Could It Be Mild Proprioceptive Deficit Disorder?
Hello! I was so relieved after coming across your website. I think my 30 yr old brother is suffering from mild PDD, although none of his doctors have said so. He has difficulties in changing direction when he is in certain positions, sitting down, dressing up, putting his shoes on.
It all started (according to him) in adolescence. He felt tingling sensations in his joints & muscles. He has undergone psychotherapy & hypnosis (since his doctors think it's all in his mind. His psychiatrist told him that it's an anxiety disorder but I think it's a proprioceptive problem which has in turn given rise to anxiety.
My question is "Can adolescence,i.e,growing up (change in height, weight, muscle mass etc.) cause proprioceptive impairment in certain individuals and what can be done, at this stage, to help him?
My brother is currently not undergoing any treatment. He got fed up & frustrated with psychotherapy. He's been having a go at yoga for the last few months. It could be that my parents did not notice anything when he was a child since it was very mild but I do remember as kids,he had difficulties putting on his trousers & taking them off.
He has difficulty with motor planning especially with his legs. He often complains about intense gravitational pull under his feet. I often see him touching & grabbing his legs (as if to see if they are there).
We are all very worried about him. My parents are not always going to be there to help him on bad days. Looking forward to hearing from you.
"True" Proprioceptive Deficit Disorder is a largely still misunderstood extreme and rare form of Proprioceptive awareness, as described by Dr. Oliver Sacks with the first recorded case of Christina, in 1977. As you used specifically this term I understand your concern and distress with there still being no definitive treatment protocol, or positive outcome expected. This extreme and totally debilitating form of
PDD classically exhibits with the onset of vivid dreams prior to an abrupt onset of severe symptoms and may also be linked to overdoses of Vitamin B6, is seen only in the Northern Hemisphere and seems to primarily affect well educated individuals. (?!)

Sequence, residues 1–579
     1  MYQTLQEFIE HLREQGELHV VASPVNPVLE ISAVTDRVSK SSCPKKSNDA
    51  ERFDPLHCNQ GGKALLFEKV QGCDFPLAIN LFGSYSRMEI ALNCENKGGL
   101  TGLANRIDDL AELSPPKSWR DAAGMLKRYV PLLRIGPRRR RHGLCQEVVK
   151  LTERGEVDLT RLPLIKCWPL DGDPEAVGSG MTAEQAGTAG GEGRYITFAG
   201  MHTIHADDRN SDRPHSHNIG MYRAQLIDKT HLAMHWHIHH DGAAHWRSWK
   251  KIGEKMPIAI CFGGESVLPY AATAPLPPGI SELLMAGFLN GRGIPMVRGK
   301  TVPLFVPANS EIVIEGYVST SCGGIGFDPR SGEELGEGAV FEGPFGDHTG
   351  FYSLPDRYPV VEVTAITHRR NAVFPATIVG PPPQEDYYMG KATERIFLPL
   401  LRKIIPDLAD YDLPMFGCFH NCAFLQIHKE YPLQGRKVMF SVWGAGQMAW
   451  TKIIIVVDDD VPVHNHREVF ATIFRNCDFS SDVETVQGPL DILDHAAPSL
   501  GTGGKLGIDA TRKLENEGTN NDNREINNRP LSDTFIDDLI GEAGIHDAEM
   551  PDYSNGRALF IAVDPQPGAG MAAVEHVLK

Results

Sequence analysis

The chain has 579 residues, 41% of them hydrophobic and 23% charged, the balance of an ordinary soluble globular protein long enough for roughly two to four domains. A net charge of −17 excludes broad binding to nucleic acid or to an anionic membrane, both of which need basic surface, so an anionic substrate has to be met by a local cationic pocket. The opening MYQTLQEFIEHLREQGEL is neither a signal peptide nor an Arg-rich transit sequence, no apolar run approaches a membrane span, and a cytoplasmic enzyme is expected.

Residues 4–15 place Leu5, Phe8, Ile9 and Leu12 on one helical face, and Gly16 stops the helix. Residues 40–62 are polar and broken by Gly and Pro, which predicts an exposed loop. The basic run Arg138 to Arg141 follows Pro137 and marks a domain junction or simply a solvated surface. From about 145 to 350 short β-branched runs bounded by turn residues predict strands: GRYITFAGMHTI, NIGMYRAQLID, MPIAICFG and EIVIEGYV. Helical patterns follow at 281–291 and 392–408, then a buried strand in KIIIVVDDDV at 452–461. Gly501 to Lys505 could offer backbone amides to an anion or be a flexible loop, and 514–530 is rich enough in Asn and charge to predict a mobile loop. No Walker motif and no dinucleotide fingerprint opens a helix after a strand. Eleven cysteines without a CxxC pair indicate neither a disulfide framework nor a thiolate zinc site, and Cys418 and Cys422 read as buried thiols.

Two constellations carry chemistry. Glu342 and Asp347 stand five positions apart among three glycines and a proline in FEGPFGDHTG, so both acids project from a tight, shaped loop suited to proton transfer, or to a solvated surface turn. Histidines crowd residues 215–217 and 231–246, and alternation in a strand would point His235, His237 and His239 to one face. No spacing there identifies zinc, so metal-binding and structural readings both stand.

However, in answer to your questions, yes, there can be factors that could cause an onset during adolescence, especially as you may recall him having motor planning, possibly sequencing deficits and mild proprioception issues as a child. Since this condition is a neurologically based sensory response, it is possible your
brother had a mild form of SPD as a child. In the absence of any better forms of treatment available, Sensory Integrative Occupational Therapy would, I believe, possibly be the best course of treatment for him. The work we are already doing with children and adults with severe proprioceptive deficits makes this option
promising, maybe more so than any other form of treatment of which I am aware. i.e. psychotherapy.
I think it could be enlightening to print off and complete both the SPD Child Checklist
and the Adult SPD Checklist
Michele has on this site, and carefully fill these out with your brother, to see if he remembers any of these other symptoms as a child, and what he is experiencing today.
Interesting that he chose yoga as a form of self help, as I think that would be very beneficial to him, physically, neurologically and emotionally. Good choice! This, to me is a case of: Sensory
Integrative OT, can't hurt, and could possible help dramatically.
I did read of a patient who went this route and did see great improvements. Since you feel this may be PDD in a mild form, which is not classically seen (a mild form of an extreme condition such as PDD)... I would think there would be a reasonable expectation of improvement in SI-OT. On this web site also, you will find resources to help you locate Providers in your area